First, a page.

Furniture

Side chair of an unidentified hardwood

Side chair of an unidentified hardwood

Typical 18th Dynasty side chair of an unidentified hardwood, having legs imitating the fore and hind legs of a lion. It has a high sloping back hollowed to fit the occupant’s back. Ornamentation consists of alternation of light and dark wood and nine inlays of bone or ivory simulating broad headed nails of no constructional...

Tutankhamun's Chest with Miniature Panoramas

Chest of Tutankhamun with Miniature Panoramas

This magnificent wooden chest of Tutankhamun is painted on all its surfaces with hunting and war scenes. On one side of the lid, King Tutankhamun is depicted in his chariot, hunting gazelles, deers, ostriches, and other desert animals. On the other side, he is shooting arrows at lions. The short sides shows the king is...

Chair of Reniseneb

Chair of Reniseneb

The back of this wooden chair, which belonged to the scribe Reniseneb, is handsomely veneered with ivory and embellished with incised decoration showing the owner seated on a chair of identical form. It is the earliest surviving chair with such a representation, and it is the only non-royal example known. The scene and accompanying text...

Funerary Couch in the form of Mehit

Funerary Couch in the form of Mehit

This wooden bed is covered with gilded plaster designed to represent two elongated lionesses. The two lionesses represent the goddess Mehit. According to the ancient Egyptian beliefs, Mehit was identified with Hathor, Sekhmet, and Isis and helped to cause the Nile flood when she was appeased. The eyes of these animals are inlaid with blue...

Tutankhamun's Stool Decorated with Sema-Tawy Symbol

Tutankhamun’s Stool Decorated with Sema-Tawy Symbol

This stool is decorated with sema-tawy symbol of the unification Upper and Lower Egypt The four sides of this wooden stool, painted white, are decorated with the symbol of the unification of Upper and Lower Egypt. It is gilded with gold sheet. The chair’s legs were modeled to look like the legs of a lion....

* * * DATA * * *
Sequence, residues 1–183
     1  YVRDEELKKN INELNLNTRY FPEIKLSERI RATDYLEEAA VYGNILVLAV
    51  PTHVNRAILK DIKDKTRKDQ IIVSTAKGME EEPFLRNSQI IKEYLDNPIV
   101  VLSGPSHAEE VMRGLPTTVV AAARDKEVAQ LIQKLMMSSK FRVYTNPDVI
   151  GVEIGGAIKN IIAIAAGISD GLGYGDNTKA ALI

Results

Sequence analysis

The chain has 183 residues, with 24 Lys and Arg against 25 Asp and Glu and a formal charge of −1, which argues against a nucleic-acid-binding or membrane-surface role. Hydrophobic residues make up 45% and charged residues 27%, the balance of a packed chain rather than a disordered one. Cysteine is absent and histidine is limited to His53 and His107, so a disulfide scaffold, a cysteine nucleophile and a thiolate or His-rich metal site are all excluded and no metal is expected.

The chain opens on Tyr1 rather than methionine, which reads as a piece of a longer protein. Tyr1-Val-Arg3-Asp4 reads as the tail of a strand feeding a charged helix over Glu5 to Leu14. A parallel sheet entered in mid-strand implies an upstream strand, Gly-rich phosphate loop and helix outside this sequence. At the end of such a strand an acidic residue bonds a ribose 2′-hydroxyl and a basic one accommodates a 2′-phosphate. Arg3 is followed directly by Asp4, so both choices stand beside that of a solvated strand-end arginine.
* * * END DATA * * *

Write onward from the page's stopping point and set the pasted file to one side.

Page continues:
Tutankhamun's Box Decorated with Tyet and Djed Signs

Tutankhamun Box with Djed and Tyet Signs

This rectangular box was found in the annex of King Tutankhamun’s tomb. It stands on four slim elegant legs and the panels are made of cedar wood. At the bottom of the box is an alternating decoration of fretwork hieroglyphs. The Tyet sign, the symbol of the blood of Isis as well as the knot...

Arm Panel From a Ceremonial Chair of Thutmose IV

Arm Panel From a Chair of Thutmose IV

This wooden panel is part of the left arm of a throne that belonged to the king Thutmose IV. Traces of glue on the surface suggest that the low relief, with its exquisitely carved details, was once covered with gold foil. On one side, the king is shown as a standing sphinx subduing the enemies...

Funerary Bed of Tutankhamun, with Sides Representing goddess Mehet-Weret

Funerary Bed of Tutankhamun with Mehet-Weret

This is one of the couches of King Tutankhamun. It is in the form of the goddess Mehet-weret, the cow goddess of the sky whose name means “great flood.” Three ritual funerary couches were found in the antechamber of Tutankhamun. They are made of stuccoed gilded wood in the form of sacred animals whose eyes...

Throne of Princess Sitamun

Throne of Princess Sitamun

The wooden throne Princess Sitamun is an example of the subtlety and elegance of Egyptian woodwork in the 18th Dynasty. It is made from red wood, covered in parts by a 4 mm thick veneer of red wood. The legs are shaped like lion’s paws. These paws sit atop high bases which are divided by...

Armchair of Queen Hetepheres I

The seat and the backrest of the armchair Armchair of Queen Hetepheres I are made of natural wood. They are surrounded by a simple wooden frame covered with gold leaf with high arms in gilded wood. The backrest of the chair is reinforced at the rear by a central support. The space between the arms,...